One of the worst nightmares for any WordPress website owner is having their website taken over by hackers. This happens very frequently, unfortunately, because there is money to be made from desperate business owners who are willing to pay a ransom to get their website back.
The truth is that there is always a chance of having your website hacked, no matter how careful you are. This article is meant as a list of best practices to implement in order to minimise the risks. These principles have been elaborated by IT security specialists and WordPress developers and are sufficient to safeguard your website against the most common attempts made by hackers.
As a general rule, you should always keep a recent backup copy of your website in a secure location, rather than on the same server as your actual website. In the worst case scenario, you can re-upload this backup copy, if you cannot restore the website itself. This being said, there are other ways in which you can prevent your WordPress site from being hacked:
- Rename the Login URL
The standard URL for the admin section of a WordPress site is www.yoursite.com/wp-admin. This is what hackers will usually try when they launch a brute force attack over a series of websites. A brute force attack means trying hundreds of thousands of username/password combinations until the correct match is found.
By changing this standard URL, you have taken a first step to thwart the hackers’ nefarious attempts. Using something like my-login or safe-login instead of wp-admin helps you prevent or delay the initial phase of a brute force attack.
- Change the Default Admin Account Name
When your website is first created, the administration account has the default username “admin”. Many WordPress website owners leave it like this–which is a serious mistake. By reference to item 1 above, if a hacker launches a brute force attack, the default “admin” account name simply makes their work easier.
You should change this account name to something you can remember, but that is not easily guessed. Avoid using your own name (which can be guessed from the contents of the site). If possible, add numbers to the account name and capitalise at least one letter.
- Use Two-Factor Authentication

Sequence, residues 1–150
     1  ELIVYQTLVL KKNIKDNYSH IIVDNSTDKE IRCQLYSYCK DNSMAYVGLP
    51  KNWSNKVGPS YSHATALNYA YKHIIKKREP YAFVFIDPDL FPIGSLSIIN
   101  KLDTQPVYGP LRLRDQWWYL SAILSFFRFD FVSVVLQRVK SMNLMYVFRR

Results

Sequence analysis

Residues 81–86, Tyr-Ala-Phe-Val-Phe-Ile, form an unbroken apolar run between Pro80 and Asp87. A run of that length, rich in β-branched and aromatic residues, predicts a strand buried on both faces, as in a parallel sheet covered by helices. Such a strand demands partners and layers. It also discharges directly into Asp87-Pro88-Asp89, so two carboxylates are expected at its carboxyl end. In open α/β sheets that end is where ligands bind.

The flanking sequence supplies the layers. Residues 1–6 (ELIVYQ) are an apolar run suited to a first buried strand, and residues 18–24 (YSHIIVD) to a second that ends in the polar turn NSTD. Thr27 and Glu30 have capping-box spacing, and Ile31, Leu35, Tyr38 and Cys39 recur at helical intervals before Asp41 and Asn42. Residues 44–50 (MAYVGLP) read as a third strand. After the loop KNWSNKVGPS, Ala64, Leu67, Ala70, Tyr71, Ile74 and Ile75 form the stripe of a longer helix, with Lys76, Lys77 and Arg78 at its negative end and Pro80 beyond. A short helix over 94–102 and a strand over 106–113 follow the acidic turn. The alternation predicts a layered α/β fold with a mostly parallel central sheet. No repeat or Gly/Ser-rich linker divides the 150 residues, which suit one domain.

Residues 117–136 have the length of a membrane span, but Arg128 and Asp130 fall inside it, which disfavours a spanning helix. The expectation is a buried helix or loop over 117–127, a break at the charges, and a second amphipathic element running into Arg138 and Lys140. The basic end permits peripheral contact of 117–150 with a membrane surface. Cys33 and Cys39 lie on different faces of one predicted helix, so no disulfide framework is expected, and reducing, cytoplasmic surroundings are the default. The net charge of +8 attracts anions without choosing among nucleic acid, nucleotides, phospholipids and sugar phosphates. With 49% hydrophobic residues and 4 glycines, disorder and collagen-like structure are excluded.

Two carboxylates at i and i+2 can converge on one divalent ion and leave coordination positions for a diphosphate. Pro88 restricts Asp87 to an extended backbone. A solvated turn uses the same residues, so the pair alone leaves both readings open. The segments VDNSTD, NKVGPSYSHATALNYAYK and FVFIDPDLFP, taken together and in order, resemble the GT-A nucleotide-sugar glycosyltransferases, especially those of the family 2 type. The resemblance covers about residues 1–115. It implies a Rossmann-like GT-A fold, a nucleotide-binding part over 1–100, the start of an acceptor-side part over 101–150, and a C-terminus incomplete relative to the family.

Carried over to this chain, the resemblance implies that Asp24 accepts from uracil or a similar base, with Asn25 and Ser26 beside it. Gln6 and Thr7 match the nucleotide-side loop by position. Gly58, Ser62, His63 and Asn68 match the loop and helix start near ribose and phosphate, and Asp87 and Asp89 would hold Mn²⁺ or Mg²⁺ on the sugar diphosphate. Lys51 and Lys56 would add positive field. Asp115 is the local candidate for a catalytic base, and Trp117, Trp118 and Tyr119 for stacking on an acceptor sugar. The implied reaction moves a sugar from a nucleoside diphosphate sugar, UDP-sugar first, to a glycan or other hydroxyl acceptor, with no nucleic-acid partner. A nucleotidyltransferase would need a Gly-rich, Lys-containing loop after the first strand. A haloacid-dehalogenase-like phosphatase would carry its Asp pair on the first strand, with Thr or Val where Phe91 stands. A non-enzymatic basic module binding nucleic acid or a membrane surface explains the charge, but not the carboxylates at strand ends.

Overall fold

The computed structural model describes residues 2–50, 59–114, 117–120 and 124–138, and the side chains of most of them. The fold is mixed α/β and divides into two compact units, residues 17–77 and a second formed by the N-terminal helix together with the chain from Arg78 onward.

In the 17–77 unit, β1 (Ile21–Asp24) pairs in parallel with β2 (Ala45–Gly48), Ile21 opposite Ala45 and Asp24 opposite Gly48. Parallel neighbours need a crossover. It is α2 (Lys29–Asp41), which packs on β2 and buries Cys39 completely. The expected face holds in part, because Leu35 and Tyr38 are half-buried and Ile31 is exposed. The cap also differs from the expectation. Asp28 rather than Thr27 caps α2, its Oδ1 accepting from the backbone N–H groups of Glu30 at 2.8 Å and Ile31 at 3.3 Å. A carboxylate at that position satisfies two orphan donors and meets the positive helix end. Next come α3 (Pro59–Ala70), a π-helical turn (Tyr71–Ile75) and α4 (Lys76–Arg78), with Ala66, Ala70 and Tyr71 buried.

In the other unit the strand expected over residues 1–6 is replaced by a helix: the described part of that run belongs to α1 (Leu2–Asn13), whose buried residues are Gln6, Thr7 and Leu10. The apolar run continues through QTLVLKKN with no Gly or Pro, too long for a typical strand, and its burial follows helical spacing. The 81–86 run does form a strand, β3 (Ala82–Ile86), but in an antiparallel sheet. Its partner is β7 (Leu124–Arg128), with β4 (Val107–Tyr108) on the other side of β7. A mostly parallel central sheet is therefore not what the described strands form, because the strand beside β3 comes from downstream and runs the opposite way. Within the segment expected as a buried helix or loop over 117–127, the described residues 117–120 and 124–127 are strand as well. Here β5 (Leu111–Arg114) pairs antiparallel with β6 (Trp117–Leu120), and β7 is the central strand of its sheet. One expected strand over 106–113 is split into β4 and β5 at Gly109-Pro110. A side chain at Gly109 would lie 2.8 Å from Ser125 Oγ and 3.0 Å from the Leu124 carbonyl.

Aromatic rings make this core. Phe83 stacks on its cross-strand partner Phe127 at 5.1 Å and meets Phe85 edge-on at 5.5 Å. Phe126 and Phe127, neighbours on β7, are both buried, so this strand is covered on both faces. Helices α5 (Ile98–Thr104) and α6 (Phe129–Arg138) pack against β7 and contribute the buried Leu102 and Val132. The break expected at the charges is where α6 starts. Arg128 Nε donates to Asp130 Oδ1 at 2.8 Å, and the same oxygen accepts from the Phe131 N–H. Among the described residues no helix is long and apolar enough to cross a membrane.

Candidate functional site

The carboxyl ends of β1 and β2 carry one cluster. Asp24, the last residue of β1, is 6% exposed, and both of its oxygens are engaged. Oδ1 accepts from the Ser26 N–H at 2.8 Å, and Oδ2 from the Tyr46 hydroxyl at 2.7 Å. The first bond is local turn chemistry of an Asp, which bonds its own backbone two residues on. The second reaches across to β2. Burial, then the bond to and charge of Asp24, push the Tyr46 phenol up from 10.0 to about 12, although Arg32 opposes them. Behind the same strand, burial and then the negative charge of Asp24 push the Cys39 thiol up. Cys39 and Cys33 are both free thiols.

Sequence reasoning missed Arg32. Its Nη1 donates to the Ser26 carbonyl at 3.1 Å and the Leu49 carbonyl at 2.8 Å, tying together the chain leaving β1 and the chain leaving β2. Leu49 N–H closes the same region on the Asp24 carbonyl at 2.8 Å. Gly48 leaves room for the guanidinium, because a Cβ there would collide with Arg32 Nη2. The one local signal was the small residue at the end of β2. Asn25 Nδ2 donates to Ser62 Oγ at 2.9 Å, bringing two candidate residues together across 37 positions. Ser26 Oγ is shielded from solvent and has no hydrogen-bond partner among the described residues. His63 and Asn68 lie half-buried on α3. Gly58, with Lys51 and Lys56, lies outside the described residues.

Two-factor authentication involves receiving a code on your mobile phone and inserting it into a special field to gain access to the backend of your website. In this way, you add an extra layer of protection (your own phone number) and can avoid brute force and other types of attacks.
Plus, if by chance a hacker guesses the username/password combination and you get such a code on your phone, you can alert the hosting service that the server on which your website is stored is under attack.
- Keep WordPress and the Plugins up to Date
Those pesky updates to WordPress and plugins occur for a good reason: they fix recently discovered vulnerabilities and add supplementary protection mechanisms to those already existing.
Instead of being annoyed, you should be thankful for these updates and proceed to install them as soon as you are notified of them. An out-of-date WordPress platform can be easily hacked even by less than professional cyber-criminals.
- Set Strong Passwords for Your WordPress Website
A password you can easily remember is a password that can be easily hacked. Our strong recommendation is to use a password manager, which can generate strong passwords that you do not have to remember (or write down).
Any kind of common words or names used in passwords can be guessed by tools used by hackers. This is why a combination of your wedding date and your child’s name is not a good password. Your website is as safe as the password you use to login to its backend, so make sure it is a strong one.